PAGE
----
Corpus Christi Caller - October 8, 1980
Bull’s shot beats Astros
Homer by Luzinski lifts Phillies, 3-1
From Caller Wire Services
PHILADELPHIA – It was a minor adjustment, really, but it has made a world of difference to Greg Luzinski and to the team he plays for and to the team he beat Tuesday night with a two-run home run.
Luzinski’s homer with Pete Rose on base in the bottom of the sixth inning broke open a tight pitching duel and sent the Philadelphia Phillies, for whom Luzinski plays, past the Houston Astros, 3-1, in the first game of the National League Championship Series.
Luzinski, built more like a linebacker than a left fielder, looks strong enough to squeeze the stitches right off a baseball. But his bat has been silent much of the season and now he thinks he's figured out why.
"We had a long rain delay in Montreal last week," said the man they call 'The Bull' in Philadelphia, "and I made some adjustments with my hands on the bat. I have a habit of going with too much right hand.”
That's Luzinski's top hand on the bat and the result was beating the ball into the ground. So he tried to change the pattern.
"I tried to make my approach to the ball a little shorter and quicker," he said. "So far it’s worked out pretty well."
The short, quick approach produced a two-run homer that turned this opening game around and gave the Phillies their first-ever playoff victory at home.
"It's not only at home," said Luzinski. "We've had trouble in the playoffs, period. This was a big game for us for just that reason. These two at home are important and jumping out in front is especially good."
The Phillies were beaten in the NL playoffs in 1976-77-78 with Luzinski one of their better post-season hitters. The homer was his fifth in playoff action, tying him for second place behind Steve Garvey of Los Angeles, who has six.
Houston had left Garvey and the Dodgers behind, beating Los Angeles in a West Division playoff Monday and then flying all night from the West Coast to the East. But until the homer, it was the Phillies who looked bleary-eyed, not the Astros.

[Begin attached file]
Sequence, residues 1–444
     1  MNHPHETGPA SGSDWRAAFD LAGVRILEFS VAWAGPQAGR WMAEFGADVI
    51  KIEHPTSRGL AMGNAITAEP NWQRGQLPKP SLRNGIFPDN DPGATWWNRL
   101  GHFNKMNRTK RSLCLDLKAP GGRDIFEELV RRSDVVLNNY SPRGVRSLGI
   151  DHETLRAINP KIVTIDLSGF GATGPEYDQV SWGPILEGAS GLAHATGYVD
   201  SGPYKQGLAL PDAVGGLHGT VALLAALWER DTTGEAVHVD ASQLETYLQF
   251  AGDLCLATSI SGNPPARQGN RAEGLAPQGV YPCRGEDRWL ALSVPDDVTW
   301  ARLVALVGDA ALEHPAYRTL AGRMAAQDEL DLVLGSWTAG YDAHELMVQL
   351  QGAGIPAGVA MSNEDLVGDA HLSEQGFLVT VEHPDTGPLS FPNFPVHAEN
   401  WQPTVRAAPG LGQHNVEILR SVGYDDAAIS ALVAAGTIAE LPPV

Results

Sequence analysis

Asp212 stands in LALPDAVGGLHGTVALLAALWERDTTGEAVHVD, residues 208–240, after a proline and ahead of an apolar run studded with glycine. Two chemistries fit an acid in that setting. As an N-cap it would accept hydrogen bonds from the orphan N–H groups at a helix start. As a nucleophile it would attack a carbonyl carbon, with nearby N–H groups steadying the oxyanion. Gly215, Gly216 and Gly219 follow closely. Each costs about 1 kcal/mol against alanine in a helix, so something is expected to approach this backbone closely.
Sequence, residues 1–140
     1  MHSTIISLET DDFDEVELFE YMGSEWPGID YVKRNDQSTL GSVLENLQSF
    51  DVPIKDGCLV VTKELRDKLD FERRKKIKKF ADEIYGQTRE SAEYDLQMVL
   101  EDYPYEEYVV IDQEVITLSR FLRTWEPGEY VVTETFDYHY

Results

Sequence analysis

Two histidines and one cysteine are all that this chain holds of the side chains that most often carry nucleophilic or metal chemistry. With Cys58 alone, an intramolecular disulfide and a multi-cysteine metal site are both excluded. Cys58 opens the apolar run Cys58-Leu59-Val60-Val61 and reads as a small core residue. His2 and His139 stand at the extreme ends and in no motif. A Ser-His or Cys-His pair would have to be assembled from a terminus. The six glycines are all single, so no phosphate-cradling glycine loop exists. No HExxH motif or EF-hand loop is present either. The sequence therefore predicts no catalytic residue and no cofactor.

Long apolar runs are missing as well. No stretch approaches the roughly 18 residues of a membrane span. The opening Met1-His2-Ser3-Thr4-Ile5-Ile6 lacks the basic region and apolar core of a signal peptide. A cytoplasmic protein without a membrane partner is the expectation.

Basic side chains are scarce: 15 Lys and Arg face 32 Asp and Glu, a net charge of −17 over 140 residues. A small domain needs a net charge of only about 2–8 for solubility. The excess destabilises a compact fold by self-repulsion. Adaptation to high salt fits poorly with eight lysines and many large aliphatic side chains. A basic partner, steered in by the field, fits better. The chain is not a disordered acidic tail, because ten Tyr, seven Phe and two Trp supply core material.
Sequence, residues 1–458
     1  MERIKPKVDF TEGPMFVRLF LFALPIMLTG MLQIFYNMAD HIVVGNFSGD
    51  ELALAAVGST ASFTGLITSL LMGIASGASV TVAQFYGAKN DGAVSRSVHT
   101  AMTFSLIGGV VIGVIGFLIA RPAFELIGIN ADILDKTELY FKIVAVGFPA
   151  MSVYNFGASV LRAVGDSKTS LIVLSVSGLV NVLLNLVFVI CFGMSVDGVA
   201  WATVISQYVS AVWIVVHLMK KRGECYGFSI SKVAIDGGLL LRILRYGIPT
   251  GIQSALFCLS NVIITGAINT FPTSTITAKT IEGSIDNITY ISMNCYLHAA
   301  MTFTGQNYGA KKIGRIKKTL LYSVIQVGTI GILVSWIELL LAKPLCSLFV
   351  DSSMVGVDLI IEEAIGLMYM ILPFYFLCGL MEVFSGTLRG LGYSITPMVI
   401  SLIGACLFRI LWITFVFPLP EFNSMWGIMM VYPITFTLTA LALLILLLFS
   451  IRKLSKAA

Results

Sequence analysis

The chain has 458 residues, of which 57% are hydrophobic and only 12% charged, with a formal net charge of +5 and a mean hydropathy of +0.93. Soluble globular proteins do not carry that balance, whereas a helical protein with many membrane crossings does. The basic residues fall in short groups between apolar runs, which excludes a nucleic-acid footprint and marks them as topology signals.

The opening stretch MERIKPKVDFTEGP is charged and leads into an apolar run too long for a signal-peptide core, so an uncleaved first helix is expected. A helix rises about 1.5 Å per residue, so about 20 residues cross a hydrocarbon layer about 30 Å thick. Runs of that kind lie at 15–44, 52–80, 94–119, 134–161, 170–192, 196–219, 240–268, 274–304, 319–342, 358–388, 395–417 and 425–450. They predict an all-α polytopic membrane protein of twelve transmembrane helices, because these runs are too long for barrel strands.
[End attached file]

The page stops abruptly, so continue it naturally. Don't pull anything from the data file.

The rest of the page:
Luzinski's sixth-inning shot off Ken Forsch erased a 1-0 Astro lead and set off fireworks over Veterans' Stadium as a playoff-record crowd of 65,277 howled. It made Forsch a loser and Steve Carlton, whom Forsch out-pitched most of the way, the winner.
The second game in the best-of-five series will be played Wednesday night with Nolan Ryan of the Astros expected to pitch against Dick Ruthven of the Phillies.
Forsch had been locked in a tight duel with Carlton, ace of the Phillies' staff, but after Luzinski's homer gave Philadelphia the lead, it fell to relief ace Tug McGraw to nail down the victory. Which he did.
Ex-Astro Greg Gross, batting for Carlton, singled home an insurance run in the seventh inning. The Astros took the lead in the third on singles by Jose Cruz, Cesar Cedeno and Gary Woods.
The Astros harassed Carlton again in the fourth inning after Craig Reynolds led off with a walk and Forsch bunted past the mound. But the two-time winner of the Cy Young Award escaped on two dazzling infield plays.
Pete Rose chased the bunt along the artificial turf and nipped Forsch with a strong throw to first, which was covered by Manny Trillo, the second baseman. And then Trillo made a fine backhand stop on Enos Cabell's slam up the middle and threw him out.
But at bat, the Phillies had less success. Forsch retired eight batters in a row until Rose singled to open the sixth.
For a while, it looked as though the Astros would survive again. Bake McBride struck out and Mike Schmidt flied deep to center. But the lead disappeared in a flash when Luzinski drove the 3-2 pitch high into the left-field seats.